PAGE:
Tommy Tarpey 19th February 1933 – 14th January 2024

Miko McInerney

1926 -2024

Miko was born in Limepark, Ardrahan on 5th June 1926 to Tom and Annie McInerney. He attended Ardrahan National School in Labane and entered St. Mary’s College in September 1940. After his Leaving Certificate, he attended University College Galway and graduated with a Bachelor of Arts degree and a H.Dip in Education. His main subjects were Irish and Geography. He spent long periods of his teaching career in Wexford CBS, St. Kieran’s Kilkenny and Ennistymon CBS.

In hurling, the past holds a rein on the present and with the news of his death, Ardrahan GAA lost its last link with the successful intermediate and senior hurling teams between 1948 and 1956. Miko was also the last surviving member of Galway’s All-Ireland final hurling team of 1953.

Born into a very sporting family and where hurling was embedded in the rhythm of life, Miko developed his skills – broken windows and muddied white-washed walls from games with brothers, neighbours, school, and underage games with Ardrahan, moments that Miko cherished.  From an early age it was obvious that he had not only the skill but the very necessary trait, the will to win. He was fortunate too at that time, to be growing up with some of the best hurlers that Ardrahan ever produced and when they all combined, they were a very powerful force.

Miko’s first medal was a South board juvenile hurling title in 1939. Strangely, Miko won a County Minor Hurling medal with Moycullen in 1945. He got great amusement when telling the circumstances of that event, and informing his suitors how he was over age for minor when the approach was made. ‘Stop Miko you are one of the youngest we have’ came the reply. The same year he won a South Board Senior hurling medal with Ardrahan.

1948 was an eventful year for Miko. He made his inter county debut in a National Hurling League game versus Dublin.  Later in the year, South Board and County Intermediate hurling titles followed. He added a Fitzgibbon Cup meal in 1949 along with South Board and County Senior Hurling title honours. He was honoured to captain Galway in the All-Ireland Hurling semi-final versus Tipperary played at Tuam 1950. Unsuccessful on the day, he compensated by winning an Oireachtas medal in October with a great victory over Wexford. A National Hurling League medal followed in 1951 and another Oireachtas medal was added in 1952.

In 1953 Galway were back in an All-Ireland Final, the first since 1929, from this event there is the iconic photo of Miko lining up against Christy Ring at the start of the game. In a tempestuous affair Galway were denied narrowly. Later that year Miko added a South Board Senior Hurling title to his honours. Another Fitzgibbon Cup medal with University College was added in 1954. Combined Universities, Field openings, Kenny Cup and several major hurling tournament honours followed before a daring run from Ardrahan in the Galway Senior Hurling Championship of 1956. The outcome of this affair decimated Ardrahan – resentment, emigration and retirements conscribed Ardrahan to intermediate status for 10 years. Miko retired form the game after the 1956 campaign. To underline his credentials as a hurler, he was selected at corner forward on the Ardrahan Team of the Millennium 1920 to 1960.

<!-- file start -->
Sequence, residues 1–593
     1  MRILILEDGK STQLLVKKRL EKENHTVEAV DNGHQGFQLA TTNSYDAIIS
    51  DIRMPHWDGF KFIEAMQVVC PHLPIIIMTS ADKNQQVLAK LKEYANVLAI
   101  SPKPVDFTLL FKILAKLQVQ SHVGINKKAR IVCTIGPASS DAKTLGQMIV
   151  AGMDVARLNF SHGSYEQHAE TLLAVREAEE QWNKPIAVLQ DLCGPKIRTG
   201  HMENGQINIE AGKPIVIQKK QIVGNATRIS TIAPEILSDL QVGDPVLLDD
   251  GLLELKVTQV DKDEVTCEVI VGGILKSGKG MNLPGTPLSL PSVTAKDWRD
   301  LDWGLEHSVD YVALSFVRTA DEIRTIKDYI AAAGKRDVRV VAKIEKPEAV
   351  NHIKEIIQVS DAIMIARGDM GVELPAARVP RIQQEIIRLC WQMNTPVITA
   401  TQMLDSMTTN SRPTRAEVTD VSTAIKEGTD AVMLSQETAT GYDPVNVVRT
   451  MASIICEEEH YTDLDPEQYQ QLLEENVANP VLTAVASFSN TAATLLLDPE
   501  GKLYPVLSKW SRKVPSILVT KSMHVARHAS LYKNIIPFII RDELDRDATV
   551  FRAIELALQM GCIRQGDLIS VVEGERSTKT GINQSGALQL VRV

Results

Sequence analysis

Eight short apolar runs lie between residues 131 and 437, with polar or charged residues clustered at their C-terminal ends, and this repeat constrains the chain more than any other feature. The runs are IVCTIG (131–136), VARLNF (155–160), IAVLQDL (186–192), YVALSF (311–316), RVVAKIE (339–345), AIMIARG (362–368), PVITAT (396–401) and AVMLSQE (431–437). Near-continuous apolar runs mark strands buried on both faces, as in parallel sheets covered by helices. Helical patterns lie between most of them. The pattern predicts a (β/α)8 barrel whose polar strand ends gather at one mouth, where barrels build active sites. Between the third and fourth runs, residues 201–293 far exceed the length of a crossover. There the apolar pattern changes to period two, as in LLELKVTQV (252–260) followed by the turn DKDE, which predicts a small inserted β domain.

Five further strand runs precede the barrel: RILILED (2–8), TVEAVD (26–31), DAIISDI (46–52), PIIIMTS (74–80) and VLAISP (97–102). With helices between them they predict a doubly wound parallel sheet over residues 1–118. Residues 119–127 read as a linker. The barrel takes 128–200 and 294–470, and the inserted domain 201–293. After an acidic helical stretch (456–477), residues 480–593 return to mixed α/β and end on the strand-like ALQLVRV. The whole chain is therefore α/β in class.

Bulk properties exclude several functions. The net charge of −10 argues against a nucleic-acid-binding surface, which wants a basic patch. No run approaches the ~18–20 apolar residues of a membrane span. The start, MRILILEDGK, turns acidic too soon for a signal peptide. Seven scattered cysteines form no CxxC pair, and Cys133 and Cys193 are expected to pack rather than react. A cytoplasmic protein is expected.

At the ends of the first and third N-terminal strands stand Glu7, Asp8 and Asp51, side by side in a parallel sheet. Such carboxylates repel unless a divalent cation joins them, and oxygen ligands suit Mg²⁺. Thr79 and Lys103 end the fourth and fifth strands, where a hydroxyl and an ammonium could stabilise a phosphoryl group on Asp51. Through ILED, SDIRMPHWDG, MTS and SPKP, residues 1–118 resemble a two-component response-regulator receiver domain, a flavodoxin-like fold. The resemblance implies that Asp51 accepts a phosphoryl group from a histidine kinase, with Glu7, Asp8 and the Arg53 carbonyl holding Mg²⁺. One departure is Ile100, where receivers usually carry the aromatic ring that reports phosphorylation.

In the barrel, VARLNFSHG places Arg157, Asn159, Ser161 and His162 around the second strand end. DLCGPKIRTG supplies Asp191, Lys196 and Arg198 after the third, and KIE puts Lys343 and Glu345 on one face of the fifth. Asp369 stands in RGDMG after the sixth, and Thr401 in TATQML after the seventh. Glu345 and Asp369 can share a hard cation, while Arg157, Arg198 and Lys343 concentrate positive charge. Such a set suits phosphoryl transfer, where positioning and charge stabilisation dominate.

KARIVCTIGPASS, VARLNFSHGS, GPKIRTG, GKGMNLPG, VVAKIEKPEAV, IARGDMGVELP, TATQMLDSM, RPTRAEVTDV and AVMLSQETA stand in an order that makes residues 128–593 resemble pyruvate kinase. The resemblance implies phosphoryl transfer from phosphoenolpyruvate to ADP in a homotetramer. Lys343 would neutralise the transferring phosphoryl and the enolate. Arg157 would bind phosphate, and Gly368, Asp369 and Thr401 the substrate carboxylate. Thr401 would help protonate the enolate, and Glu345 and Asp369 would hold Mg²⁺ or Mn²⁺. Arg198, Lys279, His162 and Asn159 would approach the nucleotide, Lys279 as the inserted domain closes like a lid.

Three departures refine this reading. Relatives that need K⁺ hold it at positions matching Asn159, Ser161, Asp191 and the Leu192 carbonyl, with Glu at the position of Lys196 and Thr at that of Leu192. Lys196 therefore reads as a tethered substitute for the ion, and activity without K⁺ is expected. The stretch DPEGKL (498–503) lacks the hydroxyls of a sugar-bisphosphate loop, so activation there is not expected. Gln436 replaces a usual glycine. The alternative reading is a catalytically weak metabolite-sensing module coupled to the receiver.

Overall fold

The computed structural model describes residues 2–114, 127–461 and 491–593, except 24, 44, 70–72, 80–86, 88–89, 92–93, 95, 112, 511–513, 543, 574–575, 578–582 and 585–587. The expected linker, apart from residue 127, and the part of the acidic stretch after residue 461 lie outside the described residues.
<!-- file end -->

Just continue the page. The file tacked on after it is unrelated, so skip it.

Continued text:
It wouldn’t be an exaggeration to say that Miko McInerney’s life was hurling, but there was much more to the man. You could perhaps draw a line between Miko the hurler and Miko the man. A teacher, musician, a superb golfer, a beautiful Gaeilgeoir who wrote a sports column as Gaeilge for many years. A horse racing fan extraordinaire; nothing floated his boat like a win in Paddy Powers.

Miko had his demons too. He often spoke of them, and he realised in time how destructive an addiction can be. He was always thankful to his Maker for saving him so many times. He stopped drinking in his 40s and smoking in his early 50s. Having mastered and overcome his own weakness, Miko’s kind and generous spirit helped so many people in difficulty, he never spoke about this aspect of his life, but it did exist. In his 80’s he suffered kidney failure which required weekly Dialysis – a Godsend and a Blessing. A godsend because it increased his contact and friendships with people he met in the hospital and a blessing because he felt so much better fitter, healthier and stronger after treatment. An admirable outlook, where others half his age would falter.

Miko possessed that elusive thing that binds people together who play sport with each other, that time can’t erode. Losses in the board room, bad defeats and injuries did not detract from the happy memories as time slipped by. Miko retained his hurling personality all his life and had an unfailing loyalty to Ardrahan, Galway and hurling people who supported the game. Woe betides you if you weren’t a traditionalist where Gaelic Games were concerned. In later years, he served as President and life-long member of The Hurlers Association an inter-county hurlers network that his diplomatic presence graced.

Miko was an exceptional skilful hurler he carried his weight on every occasion on every team. This is perhaps the only time; in death, that he is being carried. For you Miko ‘one crowded hour of glorious life was worth an age without a name’. How he loved his independence and identity.

To his family, extended family and many friends Ardrahan GAA Club sends its condolences. We are so sorry to see him go. On this day, if we could say just one thing to you; We’d say come back Miko.

Tom Greene